Volume encryption protects a smaller subset of a drive, possibly down to the level of individual folders. Common volume encryption software includes BitLocker or FileVault (both used at Cornell), Truecrypt, or PGP.
Volume encryption works either by encrypting an entire hard disk partition (C:, D:, etc) or by creating an encrypted container file. This container, often several gigabytes in size, is internally encrypted by a piece of software that also makes the container appear as a drive letter or folder. Files saved in that special location are automatically encrypted and added to the container.
Volume encryption protects very well when either the system is powered off or the protected volume is not actively available for use (i.e., not mounted). Its defense against disclosure to malware or unauthorized use is highly circumstantial; if the volume is available the contents are defenseless. For that reason, many volume encryption applications offer the ability to unmount the protected area when the machine is idle, if the screen saver starts, or if the machine enters a power saving mode. While this reduces the opportunities for data exposure, it comes at the expense of more cumbersome operation, as a password must be entered each time the volume is mounted.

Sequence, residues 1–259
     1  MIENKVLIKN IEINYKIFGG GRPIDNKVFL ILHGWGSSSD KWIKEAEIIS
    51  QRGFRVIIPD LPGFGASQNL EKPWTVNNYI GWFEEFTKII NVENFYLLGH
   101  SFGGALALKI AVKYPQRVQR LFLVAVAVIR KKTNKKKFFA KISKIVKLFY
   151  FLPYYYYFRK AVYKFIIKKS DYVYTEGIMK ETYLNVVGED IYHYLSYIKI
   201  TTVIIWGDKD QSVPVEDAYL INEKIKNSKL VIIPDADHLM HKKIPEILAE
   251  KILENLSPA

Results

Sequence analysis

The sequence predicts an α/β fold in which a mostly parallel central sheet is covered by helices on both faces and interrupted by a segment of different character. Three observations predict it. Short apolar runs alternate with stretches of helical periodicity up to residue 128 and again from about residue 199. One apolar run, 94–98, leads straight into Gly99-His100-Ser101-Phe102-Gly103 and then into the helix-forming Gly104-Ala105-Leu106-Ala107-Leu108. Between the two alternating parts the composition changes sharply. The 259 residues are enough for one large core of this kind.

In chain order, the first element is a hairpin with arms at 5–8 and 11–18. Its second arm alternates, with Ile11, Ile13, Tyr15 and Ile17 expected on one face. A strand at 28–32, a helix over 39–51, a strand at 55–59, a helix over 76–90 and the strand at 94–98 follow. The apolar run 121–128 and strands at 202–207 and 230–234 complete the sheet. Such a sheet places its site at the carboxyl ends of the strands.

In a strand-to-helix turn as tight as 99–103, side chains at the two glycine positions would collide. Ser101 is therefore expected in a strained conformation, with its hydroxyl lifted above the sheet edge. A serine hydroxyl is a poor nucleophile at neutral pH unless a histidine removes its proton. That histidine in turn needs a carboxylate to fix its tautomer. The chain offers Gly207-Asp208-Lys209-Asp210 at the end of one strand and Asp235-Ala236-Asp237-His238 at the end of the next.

In many implementations, volume encryption also requires that the user pay considerable attention to data confidentiality and storage location. Only data stored in the protected space offered by the encryption software is safe. Temporary files, browser caches, and other areas where sensitive data may lurk are often exposed outside the protected space.
Lastly, volume encryption can present difficulties for backup software such as EZ-Backup. Unless configured to ignore the large container file, backup systems will attempt to back up the entire container, regardless of size, after even the slightest modification of its contents. This can be very wasteful of network bandwidth and backup system resources. Also, some container encryption technologies may be backed up only once and never again, complicating recovery.